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April 2011 Volume 13 , Issue 4 submit to us!
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Morning
by Pali Tripathi -- Contributing Author [Email This Story]

Her thoughts broke with the sudden jolt of the cab. Once again she had lost track of time and distance in the various alleys and the by lanes that the cab driver maneuvered through to reach her office. Once again, she cursed herself for reaching so early. It was a routine she detested.

The alarm had rung sharp at seven that morning too. She snubbed it, impatiently, like one would do to an idiot who butted in just during the most interesting part of the conversation amongst friends. But the snub was always accompanied by guilt, and she peeked through her quilt, lazily looking at her cell phone from a distance. It appeared almost mocking at her. She then stretched her arms, carefully avoiding toppling the heap of books and work and an occasional empty water bottle that had made its way on to the bed. She buried her face into the other pillow she always snuggled to while sleeping. The sinking feeling came back again. She thought of the minutes ticking away. She willed herself to not leave the bed, for five minutes more. She never could.

She dragged herself to the dressing table, inspecting her hair and face. Both looked the same. She always wondered if sleep really did work the wonders it was credited with. Today would be a mad day again. She shuddered at the idea of straining her eyes on her laptop till 12 midnight.

She sat on the bed, thinking for one more time-"I wish I would wake up glad. I wish I would wake up thinking about somebody and not an unsent mail in the mailbox. I wish my mornings were not so miserable each day of the week.”

The second alarm broke her reverie. "Shucks. . it's 7:30 already -- it will be one hour in the traffic if I don't rush.” She got up with a start and hurried towards the balcony, which resembled a storeroom now. She reminded herself to ask the maid to clean it up on the weekend.

Clothes from the previous day hung there limp. She picked up the towel and noticed a strain of pink over the cream colored trousers she had worn the other day. She added one more thing to the list of things she always forgot to tell her maid -- Wash colored clothes separately. She entered the bath and put on the geyser. It was a small one and did not need to be switched on before long. She was about to turn on the knob of the shower when she remembered she had forgotten to brush her teeth.

And as always, she struggled with making a choice between getting done with the shower and then brushing her teeth or brush and then head for the shower. She found it amusing how she repeated this everyday of the week unfailingly.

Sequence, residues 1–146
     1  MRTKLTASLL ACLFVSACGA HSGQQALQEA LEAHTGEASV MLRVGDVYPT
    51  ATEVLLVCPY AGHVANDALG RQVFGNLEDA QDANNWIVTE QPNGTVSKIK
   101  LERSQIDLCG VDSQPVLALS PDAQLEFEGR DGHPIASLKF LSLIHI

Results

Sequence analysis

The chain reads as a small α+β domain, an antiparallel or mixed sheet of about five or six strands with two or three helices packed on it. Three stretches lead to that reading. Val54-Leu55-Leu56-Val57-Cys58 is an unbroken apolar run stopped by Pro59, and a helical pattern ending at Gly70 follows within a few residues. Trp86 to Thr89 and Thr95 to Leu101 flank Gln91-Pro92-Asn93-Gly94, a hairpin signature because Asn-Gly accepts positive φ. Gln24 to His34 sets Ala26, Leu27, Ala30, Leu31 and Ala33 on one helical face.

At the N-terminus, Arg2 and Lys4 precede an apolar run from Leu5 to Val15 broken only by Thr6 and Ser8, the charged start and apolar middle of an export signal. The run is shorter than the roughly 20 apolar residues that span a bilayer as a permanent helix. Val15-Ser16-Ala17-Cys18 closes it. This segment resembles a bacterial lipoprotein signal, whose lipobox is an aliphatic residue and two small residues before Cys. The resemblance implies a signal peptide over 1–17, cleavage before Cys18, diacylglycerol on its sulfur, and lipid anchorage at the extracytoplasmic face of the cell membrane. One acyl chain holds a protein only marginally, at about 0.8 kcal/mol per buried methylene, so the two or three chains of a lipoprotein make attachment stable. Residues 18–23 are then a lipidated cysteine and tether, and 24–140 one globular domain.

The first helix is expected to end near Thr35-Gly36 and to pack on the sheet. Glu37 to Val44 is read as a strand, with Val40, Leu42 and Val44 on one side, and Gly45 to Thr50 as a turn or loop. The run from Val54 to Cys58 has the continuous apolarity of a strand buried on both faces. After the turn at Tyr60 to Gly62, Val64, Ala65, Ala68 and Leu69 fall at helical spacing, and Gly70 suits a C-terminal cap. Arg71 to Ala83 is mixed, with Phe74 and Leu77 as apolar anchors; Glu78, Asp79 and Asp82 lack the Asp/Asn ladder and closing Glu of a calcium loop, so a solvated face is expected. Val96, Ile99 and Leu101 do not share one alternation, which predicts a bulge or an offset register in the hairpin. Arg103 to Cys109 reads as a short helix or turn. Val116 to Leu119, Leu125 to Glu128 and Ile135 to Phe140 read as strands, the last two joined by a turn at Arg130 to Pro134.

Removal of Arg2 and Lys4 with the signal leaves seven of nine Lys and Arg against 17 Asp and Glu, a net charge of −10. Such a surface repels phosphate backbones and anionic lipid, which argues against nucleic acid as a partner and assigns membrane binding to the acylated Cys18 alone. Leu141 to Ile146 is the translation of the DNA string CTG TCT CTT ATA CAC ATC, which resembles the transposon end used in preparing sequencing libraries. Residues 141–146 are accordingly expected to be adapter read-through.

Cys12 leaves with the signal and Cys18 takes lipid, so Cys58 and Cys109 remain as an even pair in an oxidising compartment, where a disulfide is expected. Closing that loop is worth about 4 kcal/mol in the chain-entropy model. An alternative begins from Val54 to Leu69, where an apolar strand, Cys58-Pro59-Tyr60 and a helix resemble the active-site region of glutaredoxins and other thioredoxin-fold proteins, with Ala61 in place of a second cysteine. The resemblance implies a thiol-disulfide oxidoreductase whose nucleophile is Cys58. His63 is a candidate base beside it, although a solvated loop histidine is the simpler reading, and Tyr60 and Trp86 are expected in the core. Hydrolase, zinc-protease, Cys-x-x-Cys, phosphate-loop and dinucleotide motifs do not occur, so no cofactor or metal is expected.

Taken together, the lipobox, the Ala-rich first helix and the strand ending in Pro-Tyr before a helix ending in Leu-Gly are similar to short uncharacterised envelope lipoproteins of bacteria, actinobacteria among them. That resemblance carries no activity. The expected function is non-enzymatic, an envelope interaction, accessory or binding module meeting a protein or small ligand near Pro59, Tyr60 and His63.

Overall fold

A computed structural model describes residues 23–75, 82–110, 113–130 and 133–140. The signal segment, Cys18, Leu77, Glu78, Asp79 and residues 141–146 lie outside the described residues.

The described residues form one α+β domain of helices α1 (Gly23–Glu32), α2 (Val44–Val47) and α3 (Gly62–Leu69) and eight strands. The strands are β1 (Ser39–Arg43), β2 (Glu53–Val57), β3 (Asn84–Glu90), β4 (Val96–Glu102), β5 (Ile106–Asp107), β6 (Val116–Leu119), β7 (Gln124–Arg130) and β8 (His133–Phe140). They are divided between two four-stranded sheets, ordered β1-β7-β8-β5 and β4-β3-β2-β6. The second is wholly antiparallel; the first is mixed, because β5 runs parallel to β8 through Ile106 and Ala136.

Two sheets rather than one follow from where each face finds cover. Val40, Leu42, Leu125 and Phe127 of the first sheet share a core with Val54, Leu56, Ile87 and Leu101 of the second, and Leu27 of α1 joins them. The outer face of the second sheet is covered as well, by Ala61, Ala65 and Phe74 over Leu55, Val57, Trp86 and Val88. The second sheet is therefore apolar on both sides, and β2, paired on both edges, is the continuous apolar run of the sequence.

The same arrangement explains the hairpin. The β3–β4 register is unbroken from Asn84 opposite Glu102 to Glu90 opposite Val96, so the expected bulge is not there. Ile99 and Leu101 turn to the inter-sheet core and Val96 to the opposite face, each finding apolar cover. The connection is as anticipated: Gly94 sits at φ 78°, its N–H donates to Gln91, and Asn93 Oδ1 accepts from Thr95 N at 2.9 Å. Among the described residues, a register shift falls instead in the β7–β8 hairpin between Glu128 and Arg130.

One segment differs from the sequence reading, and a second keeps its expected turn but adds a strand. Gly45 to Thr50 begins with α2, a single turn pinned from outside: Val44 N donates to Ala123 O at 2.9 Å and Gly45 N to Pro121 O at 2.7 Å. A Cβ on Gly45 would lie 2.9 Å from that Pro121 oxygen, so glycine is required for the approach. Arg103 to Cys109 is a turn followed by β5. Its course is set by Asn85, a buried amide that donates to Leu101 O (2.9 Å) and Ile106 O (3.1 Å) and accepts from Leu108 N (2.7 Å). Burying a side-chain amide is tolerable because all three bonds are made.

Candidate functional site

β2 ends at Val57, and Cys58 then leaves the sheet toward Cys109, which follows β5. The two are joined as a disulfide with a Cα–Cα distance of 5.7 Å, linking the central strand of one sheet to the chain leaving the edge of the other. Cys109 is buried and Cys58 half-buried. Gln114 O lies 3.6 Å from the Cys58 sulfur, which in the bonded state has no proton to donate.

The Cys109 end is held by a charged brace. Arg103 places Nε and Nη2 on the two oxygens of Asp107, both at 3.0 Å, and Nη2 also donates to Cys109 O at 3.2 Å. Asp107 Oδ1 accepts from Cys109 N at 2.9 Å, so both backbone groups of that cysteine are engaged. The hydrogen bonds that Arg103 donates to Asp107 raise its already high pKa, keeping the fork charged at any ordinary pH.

There were days when she would totally forget to brush her teeth and remember just when she was heading out of the door. That day, she decided in favor of the shower first. The taps needed plumbing. The water from the shower was a meek drizzle. It made her sleepy waiting for it to soak her in. But she always preferred it to filling the bucket and pouring water over herself. The latter she thought needed too much effort.

She switched off the fan as she entered her room to get dressed. She opened the Almira to decide on what to wear. Heaps and heaps of clothes-of late, mostly trousers and shirts, an occasional skirt, a couple of blazers ,a few dresses, and the rest of them were old clothes she now wore at home or night dresses she loved shopping for but was seldom motivated to wear. It was so much more easier slipping into a pair of old pajamas and a faded t-shirt than removing the tags from a brand new knee length t-shirt she had picked up on one of her trips. They were new; they always made her feel she was dressed up to go to sleep-an idea she found difficult to relate to.

She did not like the creases on the shirts that the "istriwalla" had left behind in the form of folds. She picked up a white shirt with gray stripes and switched on the iron to erase the creases. She lifted her gaze away from her hair as she combed through them to look at her watch. She had forgotten that she had not yet strapped it to her wrist. She picked up her cell to check the time. It was ten minutes past 8. The taxi wallah who dropped her to her office would be jittery. She knew he would flood her with a flurry of remarks the moment she entered the cab while she desperately tried blocking him out behind the Economic Times she tried reading on her way to office but found so unbelievably boring that she ended up fiddling with her phone if there was any time left after the call with her mother.

As she strapped her sandals to her feet, rushing to switch off the lights her roommate always left on, she remembered to pick up her watch just before she locked the door.

She felt a sense of unease. A discomfort at not knowing how she had just started with a seemingly perfect morning and yet ended up feeling lost. As always, she pushed the thought to the heap, which was growing larger by the day. As the cab started, she looked outside the window and told herself once again-"It is a perfectly normal day, and a perfectly normal life. I have nothing to complain about." She hung on to that thought desperately until it gave way to another- Maybe I don't want 'normal'. She always laughed at these contradictions within. Today was no different.

 
 
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Features -- April 2011 -- Mid Month Issue
 








Pali Tripathi
-- Additional Work --